In fact, there's hardly a better way to reliably assess one's subjects energy and macronutrient balance; in conjunction with blood analyses that determined the postprandial glucose, insulin, and inflammatory responses in leukocytes as well as 24-h glycemia and insulin secretion, Nas et al. produced quite a comprehensive dataset which shows the expected null effect on the AUC of the "hunger hormone" glucagon and its opposing peaks and troughs (see Figure 3, left).
Figure 3: While the Ghrelin pattern was reversed, the AUC, i.e. the total ghrelin release did not differ between breakfast and dinner skipping. Furthermore, a closer look at the sign. increased 4h post levels of IL-6 and interferon gamma on the right-hand side of the graph lets us speculate that the high variance could be a result of the previously discussed influence of breakfast(-skipping) habits w/ habitual breakfast skippers seeing lower inflammatory effects (2017)
As well, as the following more surprising effects, the scientists describe in their latest paper in the prestigious "American Journal of Clinical Nutrition" (Nas. 2017):
  • A recent study by Savage, et al. shows conflicting results. In this graduate research, an allegedly likewise isocaloric intermittent fasting diet sign. reduced the energy expenditure (learn more)
    when compared with the 3-meal control, 24-h energy expenditure was higher on both skipping days (BSD: +41 kcal/d; DSD: +91 kcal/d; both P < 0.01),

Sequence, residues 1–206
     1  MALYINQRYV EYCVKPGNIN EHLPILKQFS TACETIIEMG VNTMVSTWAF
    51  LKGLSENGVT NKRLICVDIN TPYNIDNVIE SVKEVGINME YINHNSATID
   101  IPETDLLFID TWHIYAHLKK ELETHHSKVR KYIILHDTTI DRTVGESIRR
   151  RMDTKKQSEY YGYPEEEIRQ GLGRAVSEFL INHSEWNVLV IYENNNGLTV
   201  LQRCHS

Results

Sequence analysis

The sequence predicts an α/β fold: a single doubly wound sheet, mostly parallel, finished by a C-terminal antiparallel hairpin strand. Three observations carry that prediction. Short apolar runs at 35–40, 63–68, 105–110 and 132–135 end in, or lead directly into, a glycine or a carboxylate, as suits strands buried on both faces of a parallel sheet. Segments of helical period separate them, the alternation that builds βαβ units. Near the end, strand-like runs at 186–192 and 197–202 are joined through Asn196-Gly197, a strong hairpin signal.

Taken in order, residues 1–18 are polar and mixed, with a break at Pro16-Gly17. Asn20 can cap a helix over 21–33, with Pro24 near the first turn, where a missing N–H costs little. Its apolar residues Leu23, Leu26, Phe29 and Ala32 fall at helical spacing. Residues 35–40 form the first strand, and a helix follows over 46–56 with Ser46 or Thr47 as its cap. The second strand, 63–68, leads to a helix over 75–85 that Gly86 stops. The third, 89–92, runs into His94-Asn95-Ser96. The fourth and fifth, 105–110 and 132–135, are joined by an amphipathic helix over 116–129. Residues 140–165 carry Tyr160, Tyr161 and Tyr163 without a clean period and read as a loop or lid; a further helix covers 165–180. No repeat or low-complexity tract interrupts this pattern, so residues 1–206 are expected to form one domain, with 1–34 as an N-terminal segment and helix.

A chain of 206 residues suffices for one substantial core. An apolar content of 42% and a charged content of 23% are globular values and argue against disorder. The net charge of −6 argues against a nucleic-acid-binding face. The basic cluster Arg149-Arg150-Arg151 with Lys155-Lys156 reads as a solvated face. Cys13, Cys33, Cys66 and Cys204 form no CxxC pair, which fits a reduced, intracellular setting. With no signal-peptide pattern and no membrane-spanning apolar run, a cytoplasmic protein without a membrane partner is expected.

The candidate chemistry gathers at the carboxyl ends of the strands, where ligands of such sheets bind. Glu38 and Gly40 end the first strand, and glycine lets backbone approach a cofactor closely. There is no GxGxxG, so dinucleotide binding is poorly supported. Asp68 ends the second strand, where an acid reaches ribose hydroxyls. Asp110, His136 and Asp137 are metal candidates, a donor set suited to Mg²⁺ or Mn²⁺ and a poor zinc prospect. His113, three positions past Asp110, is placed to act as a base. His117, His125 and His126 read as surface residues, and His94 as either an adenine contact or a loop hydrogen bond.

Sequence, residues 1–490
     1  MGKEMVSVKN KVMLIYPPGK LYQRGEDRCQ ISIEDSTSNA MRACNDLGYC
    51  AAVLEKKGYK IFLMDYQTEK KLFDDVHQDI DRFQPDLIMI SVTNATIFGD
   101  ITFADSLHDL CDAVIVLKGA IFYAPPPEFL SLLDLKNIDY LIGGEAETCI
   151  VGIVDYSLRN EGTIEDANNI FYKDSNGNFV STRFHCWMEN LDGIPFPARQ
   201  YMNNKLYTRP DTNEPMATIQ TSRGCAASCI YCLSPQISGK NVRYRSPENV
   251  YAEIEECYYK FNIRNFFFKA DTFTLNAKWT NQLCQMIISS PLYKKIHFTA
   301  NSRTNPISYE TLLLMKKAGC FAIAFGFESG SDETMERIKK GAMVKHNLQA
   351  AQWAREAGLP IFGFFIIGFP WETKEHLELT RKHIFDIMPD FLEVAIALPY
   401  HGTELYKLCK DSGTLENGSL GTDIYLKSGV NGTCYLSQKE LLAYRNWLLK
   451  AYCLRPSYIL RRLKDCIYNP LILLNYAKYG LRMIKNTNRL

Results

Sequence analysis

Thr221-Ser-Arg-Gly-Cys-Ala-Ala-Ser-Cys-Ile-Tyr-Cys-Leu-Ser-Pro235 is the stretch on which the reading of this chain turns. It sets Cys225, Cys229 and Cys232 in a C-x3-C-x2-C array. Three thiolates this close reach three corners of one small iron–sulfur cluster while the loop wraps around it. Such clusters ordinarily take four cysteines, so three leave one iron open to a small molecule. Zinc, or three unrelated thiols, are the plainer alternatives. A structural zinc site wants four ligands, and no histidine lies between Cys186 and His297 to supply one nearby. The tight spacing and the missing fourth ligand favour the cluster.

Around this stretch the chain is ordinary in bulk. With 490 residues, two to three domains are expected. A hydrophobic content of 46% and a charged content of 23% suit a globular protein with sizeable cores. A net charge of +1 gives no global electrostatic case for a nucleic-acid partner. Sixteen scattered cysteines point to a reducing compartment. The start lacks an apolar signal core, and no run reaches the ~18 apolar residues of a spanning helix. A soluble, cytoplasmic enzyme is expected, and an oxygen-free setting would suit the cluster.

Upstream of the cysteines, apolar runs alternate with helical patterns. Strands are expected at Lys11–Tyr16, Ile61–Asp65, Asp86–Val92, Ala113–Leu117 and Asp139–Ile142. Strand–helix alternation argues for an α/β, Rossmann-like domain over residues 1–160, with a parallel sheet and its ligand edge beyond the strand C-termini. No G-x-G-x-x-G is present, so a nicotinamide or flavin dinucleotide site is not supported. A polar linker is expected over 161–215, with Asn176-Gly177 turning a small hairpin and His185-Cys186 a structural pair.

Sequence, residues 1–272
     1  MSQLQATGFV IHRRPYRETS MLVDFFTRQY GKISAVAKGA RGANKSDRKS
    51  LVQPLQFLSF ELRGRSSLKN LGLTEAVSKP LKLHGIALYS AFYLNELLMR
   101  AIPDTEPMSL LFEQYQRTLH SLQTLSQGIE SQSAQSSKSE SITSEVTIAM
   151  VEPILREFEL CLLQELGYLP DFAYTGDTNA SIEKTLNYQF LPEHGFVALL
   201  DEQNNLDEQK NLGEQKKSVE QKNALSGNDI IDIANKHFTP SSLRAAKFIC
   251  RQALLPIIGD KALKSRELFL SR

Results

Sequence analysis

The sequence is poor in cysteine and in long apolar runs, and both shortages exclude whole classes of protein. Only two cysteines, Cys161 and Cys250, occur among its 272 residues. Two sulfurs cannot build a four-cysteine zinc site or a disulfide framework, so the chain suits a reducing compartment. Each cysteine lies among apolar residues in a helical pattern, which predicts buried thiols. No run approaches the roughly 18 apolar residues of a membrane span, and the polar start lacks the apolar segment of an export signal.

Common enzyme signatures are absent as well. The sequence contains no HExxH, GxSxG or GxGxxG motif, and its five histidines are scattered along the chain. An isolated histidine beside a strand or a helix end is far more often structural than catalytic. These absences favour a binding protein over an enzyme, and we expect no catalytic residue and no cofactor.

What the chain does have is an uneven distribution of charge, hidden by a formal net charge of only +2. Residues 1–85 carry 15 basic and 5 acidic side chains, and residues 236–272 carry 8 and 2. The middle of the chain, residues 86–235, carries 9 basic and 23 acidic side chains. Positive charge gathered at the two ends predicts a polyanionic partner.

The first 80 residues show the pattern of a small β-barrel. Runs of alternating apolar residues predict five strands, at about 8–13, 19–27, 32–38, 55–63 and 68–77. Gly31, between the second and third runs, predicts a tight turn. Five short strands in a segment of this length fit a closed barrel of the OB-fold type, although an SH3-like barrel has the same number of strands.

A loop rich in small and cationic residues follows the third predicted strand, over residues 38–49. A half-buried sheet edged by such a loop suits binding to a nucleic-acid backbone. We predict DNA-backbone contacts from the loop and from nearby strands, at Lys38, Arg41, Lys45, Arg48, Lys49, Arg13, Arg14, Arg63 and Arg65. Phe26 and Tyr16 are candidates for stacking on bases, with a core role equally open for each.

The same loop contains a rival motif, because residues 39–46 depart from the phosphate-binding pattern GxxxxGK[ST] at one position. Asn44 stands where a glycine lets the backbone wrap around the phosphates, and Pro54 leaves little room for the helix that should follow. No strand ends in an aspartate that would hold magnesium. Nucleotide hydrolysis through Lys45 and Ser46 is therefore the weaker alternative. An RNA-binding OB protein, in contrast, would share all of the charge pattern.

• fat oxidation increased, as it was expected in view of the empty glycogen stores and high AMPK levels in the AM on the breakfast skipping diet (BSD), only (+16 g/d; P < 0.001 | don't forget that this won't translate to increased fat loss if the energy balance is identical)
  • spontaneous physical activity, 24-h glycemia, and 24-h insulin secretion did not differ between intervention days
So far, so good! While the formerly cited results suggest that it doesn't make a difference whether you skip breakfast or dinner, as long as you skip it (=fast intermittently), the blood analyses spoke a different language. In particular, ...
  • the postprandial homeostasis assessment index (+54%) and glucose concentrations after lunch (+46%) were significantly higher on the BSD than on the DSD (both P < 0.05), and 
  • a longer fasting period with breakfast skipping also increased the inflammatory potential of peripheral blood cells after lunch.
That seems to be bad news and confirms the long-standing epidemiologically rooted bias towards eating breakfast and skipping dinner. However, as a SuppVersity reader, you will be aware that previous studies have debunked the myth that eating late and skippin' breakfast was necessarily obesogenic (learn more about breakfast). So what?